Polycystic Kidney Disease

Polycystic kidney disease (PKD or PCKD, also known as polycystic kidney syndrome) is a cystic genetic disorder of the kidneys. There are two types of PKD: autosomal dominant polycystic kidney disease (ADPKD) and the less-common autosomal recessive polycystic kidney disease (ARPKD).

It occurs in humans and some other animals. PKD is characterized by the presence of multiple cysts (hence, "polycystic") typically in both kidneys; however 17% of cases initially present with observable disease in one kidney, with most cases progressing to bilateral disease in adulthood. The cysts are numerous and are fluid-filled, resulting in massive enlargement of the kidneys. The disease can also damage the liver, pancreas and, in some rare cases, the heart and brain. The two major forms of polycystic kidney disease are distinguished by their patterns of inheritance.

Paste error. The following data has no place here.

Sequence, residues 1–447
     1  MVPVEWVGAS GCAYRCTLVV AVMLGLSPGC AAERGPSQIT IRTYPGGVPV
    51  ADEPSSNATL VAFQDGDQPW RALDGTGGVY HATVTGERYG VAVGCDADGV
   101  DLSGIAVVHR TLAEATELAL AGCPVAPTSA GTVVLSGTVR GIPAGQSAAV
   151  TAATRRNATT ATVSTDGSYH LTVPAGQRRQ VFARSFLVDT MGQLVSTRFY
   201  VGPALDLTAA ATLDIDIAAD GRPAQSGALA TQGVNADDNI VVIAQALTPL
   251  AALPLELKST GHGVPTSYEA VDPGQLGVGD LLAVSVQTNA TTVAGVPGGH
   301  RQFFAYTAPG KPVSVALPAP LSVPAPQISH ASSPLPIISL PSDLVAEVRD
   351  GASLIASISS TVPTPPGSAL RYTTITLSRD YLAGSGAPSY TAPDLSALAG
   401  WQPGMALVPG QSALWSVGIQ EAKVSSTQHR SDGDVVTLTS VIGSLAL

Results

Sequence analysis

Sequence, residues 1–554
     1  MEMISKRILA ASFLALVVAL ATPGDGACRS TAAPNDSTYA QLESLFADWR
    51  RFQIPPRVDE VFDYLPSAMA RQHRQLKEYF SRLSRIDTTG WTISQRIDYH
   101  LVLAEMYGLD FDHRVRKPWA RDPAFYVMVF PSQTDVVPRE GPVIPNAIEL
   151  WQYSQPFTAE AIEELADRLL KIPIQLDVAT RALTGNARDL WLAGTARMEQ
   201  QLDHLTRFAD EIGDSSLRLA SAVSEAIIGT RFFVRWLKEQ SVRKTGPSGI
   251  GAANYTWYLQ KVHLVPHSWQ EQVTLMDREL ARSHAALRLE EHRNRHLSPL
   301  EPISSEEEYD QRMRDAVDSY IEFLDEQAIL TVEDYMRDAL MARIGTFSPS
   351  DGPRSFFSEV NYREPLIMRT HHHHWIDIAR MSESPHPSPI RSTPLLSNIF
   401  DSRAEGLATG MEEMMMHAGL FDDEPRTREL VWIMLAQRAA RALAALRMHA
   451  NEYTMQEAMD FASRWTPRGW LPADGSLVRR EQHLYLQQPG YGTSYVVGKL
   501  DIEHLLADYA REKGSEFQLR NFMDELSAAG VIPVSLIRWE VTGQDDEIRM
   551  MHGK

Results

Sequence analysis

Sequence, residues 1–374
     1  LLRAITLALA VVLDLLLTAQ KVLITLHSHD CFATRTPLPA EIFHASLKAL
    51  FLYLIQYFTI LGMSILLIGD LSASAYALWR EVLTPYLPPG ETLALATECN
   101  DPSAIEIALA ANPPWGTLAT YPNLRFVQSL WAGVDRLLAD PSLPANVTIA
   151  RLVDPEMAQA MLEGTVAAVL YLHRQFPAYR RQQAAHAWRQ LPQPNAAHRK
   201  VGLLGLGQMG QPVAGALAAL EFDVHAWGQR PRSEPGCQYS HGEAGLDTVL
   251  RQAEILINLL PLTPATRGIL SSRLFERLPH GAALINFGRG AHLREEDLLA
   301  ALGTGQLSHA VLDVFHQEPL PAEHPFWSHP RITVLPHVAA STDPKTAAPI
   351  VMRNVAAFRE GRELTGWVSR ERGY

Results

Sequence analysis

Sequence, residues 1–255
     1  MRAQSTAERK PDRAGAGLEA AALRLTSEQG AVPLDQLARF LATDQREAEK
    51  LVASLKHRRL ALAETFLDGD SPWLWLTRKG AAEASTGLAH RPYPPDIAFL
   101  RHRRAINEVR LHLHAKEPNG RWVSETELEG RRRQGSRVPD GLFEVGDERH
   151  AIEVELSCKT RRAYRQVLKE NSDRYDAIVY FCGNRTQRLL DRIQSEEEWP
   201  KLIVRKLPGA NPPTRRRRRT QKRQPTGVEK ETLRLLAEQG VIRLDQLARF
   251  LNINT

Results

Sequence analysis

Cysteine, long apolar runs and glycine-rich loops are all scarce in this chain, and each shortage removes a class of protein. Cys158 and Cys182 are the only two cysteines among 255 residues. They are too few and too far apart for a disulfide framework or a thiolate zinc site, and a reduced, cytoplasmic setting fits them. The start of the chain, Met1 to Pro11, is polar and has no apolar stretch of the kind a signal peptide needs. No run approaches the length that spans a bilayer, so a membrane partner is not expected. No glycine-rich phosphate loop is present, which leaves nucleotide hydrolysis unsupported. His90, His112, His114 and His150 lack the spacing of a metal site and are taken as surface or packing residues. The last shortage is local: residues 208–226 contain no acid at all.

Polycystic kidney disease is one of the most common life-threatening genetic diseases, affecting an estimated 12.5 million people worldwide.

Read more about Polycystic Kidney Disease:  Extrarenal Manifestations, Research Directions, Additional Information and Support

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